|15||Fine et al., "Enhanced endothelial cell functions on rosette nanotube-coated titanium vascular stents," Int J Nanomedicine, 4:91-97, 2009.|
|16||Fontaine et al., "Decreased platelet adherence of polymer-coated tantalum stents," J Vasc Interv Radiol, 5: 567-572, 1994.|
|17||Fontaine et al., "Polymeric surface modifications of tantalum stents," J Endovasc Sur, 3: 276-283, 1996.|
|18||Gotman, "Characteristics of metals used in implants," J Endourol, 11: 383-389, 1997.|
|19||Griesser et al., "Growth of human cells on plasma polymers: putative role of amine and amide groups," J Biomater Sci Polym Ed, 5: 531-554, 1994.|
|20||Grube et al., "BioMatrix Bioliums A9-eluting cornary stent: a next-generation drug-eluting stent for coronary artery disease," Expert Rev Med Devices, 3(6): 731-741, 2006.|
|21||Harsch et al., "Pulsed plasma deposition of allylamine on polysiloxane: a stable surface for neuronal cell adhesion," J Neurosci Methods, 98: 135-144, 2000.|
|22||Huang et al., "The short-term effect on resenosis and thrombosis of a cobalt-chromium stent eluting two drugs in a porcine coronary artery model," J Interv Cariol, 22(5): 466-478, 2009.|
|23||Indolfi et al., The present and future of drug-eluting stens. Ital Heart J., 6(6): 498-506, 2005.|
|24||Joner et al., "Pathology of drug-eluting stents in humans; delayed healing the late thrombotic risk," J Am Coll Cardiol, 48: 193-202, 2006.|
|25||Kotani et al., "Incomplete neointimal coverage of sirolimus-eluting stents," J Am Coll Cardiol, 47: 2108-2111, 2006.|
|26||Lerouge et al., "Nitrogen-rich coatings for promoting healing around stent-grafts after endovascular aneurysm repair," Biomaterials, 28(6): 1209-1217, 2007.|
|27||Lin et al., "In situ endothelialization of intravascular stents coated with an anti-CD34 antibody functionalized heparin-collagen multilayer," Biomaterials, 31(14): 4017-4025, 2010.|
|28||Liu et al., Increased osteoblast functions among nanophase titania/poly(lactide-co-glycolide) composites of the highest nanometer surface roughness, J Biomed Mater Res A, 78A(4): 798-807, 2006.|
|29||Lockwood et al., "In vitro and in vivo characterization of novel biodegradable polymers for application as drug-eluting stent coatings," Biomater Sci Polym Ed, 21(4): 529-552, 2010.|
|30||Maalej et al., "The potent platelet inhibitory effects of S-nitrosated albumin coating of artificial surfaces," J Am Coll Caridol, 33(5): 1408-1414, 1999.|
|31||Mooradian et al., "Effect of glow discharge surface modification of plasma TFE vascular graft material on fibronectin and laminin retention and endothelial cell adhesion," J Surg Res, 53: 74-81, 1992.|
|32||Orbusneich, "OrbusNeich Expands Global Sales and Marketing Team," published at www.orbusneich.com/genous/ (2007), accessed Jul. 2008.|
|33||Pendyala et al., "Passive and active polymer coatings for intracoronary stents: novel devices to promote arterial healing," J Interv Cardio, 22(1): 37-48, 2009.|
|34||Ramires et al., "Plasma-treated PET surfaces improve the biocompatability of human endothelial cells," J Biomed Mater Res, 51: 535-539, 2000.|
|35||Ratner, "Biomaterials Science: Overview and Opportunities with Special Reference to Organic and Polymeric Glow Discharge Plasma Treatments," in Plasma Processing of Polymers (D'Agostino et al.), Academic Publishers, Dordrecht, The Netherlands, 1997.|
|36||Roger et al., "Heart Disease and Stroke Statistics-2012 Update: A Report from the American Heart Association," published at www.americanheart.org, Dec. 15, 2011.|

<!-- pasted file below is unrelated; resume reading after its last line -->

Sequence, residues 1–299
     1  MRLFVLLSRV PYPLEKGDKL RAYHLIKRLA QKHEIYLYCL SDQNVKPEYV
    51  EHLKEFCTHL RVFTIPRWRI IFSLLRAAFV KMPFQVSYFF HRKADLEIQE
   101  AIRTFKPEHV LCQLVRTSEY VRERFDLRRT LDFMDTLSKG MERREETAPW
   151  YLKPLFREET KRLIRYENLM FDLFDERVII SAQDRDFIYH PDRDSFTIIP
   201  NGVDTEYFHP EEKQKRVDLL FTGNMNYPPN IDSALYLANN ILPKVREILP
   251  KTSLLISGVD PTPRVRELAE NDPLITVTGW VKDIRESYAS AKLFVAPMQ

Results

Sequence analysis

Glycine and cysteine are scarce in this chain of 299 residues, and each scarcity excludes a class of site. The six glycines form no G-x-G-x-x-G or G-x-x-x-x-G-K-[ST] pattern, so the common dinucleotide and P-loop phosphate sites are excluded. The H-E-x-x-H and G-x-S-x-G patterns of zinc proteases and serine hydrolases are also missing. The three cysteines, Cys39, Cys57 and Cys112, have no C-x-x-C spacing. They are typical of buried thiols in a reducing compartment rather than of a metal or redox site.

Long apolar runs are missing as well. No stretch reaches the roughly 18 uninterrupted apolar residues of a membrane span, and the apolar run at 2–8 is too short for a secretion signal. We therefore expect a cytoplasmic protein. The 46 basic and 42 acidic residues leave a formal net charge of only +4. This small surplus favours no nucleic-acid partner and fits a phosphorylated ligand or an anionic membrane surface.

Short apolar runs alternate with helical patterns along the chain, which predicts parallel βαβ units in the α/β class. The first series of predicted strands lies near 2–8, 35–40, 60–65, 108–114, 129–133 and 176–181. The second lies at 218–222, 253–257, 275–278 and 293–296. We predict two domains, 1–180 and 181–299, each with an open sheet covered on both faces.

|37||Roger et al., "Heart Disease and Stroke Statistics—2012 Update: A Report from the American Heart Association," published at www.americanheart.org, Dec. 15, 2011.|
|38||Steele et al., "Roles of serum vitronectin and fibronectin in initial attachment of human vein endothelial cells and dermal fibroblasts on oxygen- and nitrogen-containing surfaces made by radiofrequency plasmas," J Biomater Sci Polym Ed, 6: 511-532, 1994.|
|39||*||Tang et al. A study on surface endothelialization of plasma coated intravascular stents. Surface and Coatings Technology. vol. 204, Issues 9-10. pp. 1487-1492. Jan. 2010.|
|40||Tepe et al., "Reduced thrombogenicity of nitinol stents-in vitro evaluation of different surface modifications and coatings," Biomaterials, 27(4): 643-650, 2006.|
|41||Tepe et al., "Reduced thrombogenicity of nitinol stents—in vitro evaluation of different surface modifications and coatings," Biomaterials, 27(4): 643-650, 2006.|
|42||Tharp et al., "Local Delivery of the KCa3.1 Blocker, TRAM-34, Prevents Acute Angioplasty-Induced Coronary Smooth Muscle Phenotypic Modulation and Limits Stenosis," Arterioscler Thromb Vasc Biol, 28(6): 1084-1089, 2008.|
|43||Tseng et al., "Effects of amide and amine plasma-treated ePTFE vascular grafts on endothelial cell lining in an artificial circulatory system" J Biomed Mater Res, 42: 188-198, 1998.|
|44||Tsujino et al., "Drug delivery via nano-, micro- and macroporous coronary stent surfaces," Expert Opin Drug Deliv, 4(3): 287-295, 2007.|
|45||Van Der Giessen et al., "Marked inflammatory sequelae to implantation of biodegradable and nonbiodegradable polymers in porcine cornary arteries," Circulation, 94: 1690-1697, 1996.|
|46||Wessely, "New drug-eluting stent concepts," Nat Rev Cardiol, 7(4): 194-203, 2010.|
|47||Zamora et al., "Radiolabelling brachytherapy sources with Re-188 trough chelating microfilms: stents," J Biomed Mater Res (Appl Biomater), 53: 244-251, 2000.|
|48||Zhou et al., "Preparation and characterization of polymeric coatings with combined nitric oxide release and immobilized active heparin," Biomaterials, 26: 6506-6517, 2005.|
|International Classification||A61L27/34, A61L31/10, A61L31/02, B82Y5/00, C23C16/30, A61L31/14, A61L27/50, B05D1/00, B05D3/14, B05D5/00, B82Y40/00, C23C16/56|
|Cooperative Classification||A61L2300/42, A61L2300/416, A61L2300/412, A61L2300/204, A61L33/068, A61L33/0094, A61L31/16, A61L27/34, A61L2420/02, B05D3/148, B82Y40/00, Y10T428/265, A61L31/022, A61L27/50, Y10T428/31678, B05D5/00, A61L31/14, A61L2400/18, B82Y5/00, A61L31/10, B05D1/62, C23C16/30, C23C16/56, C08L83/04|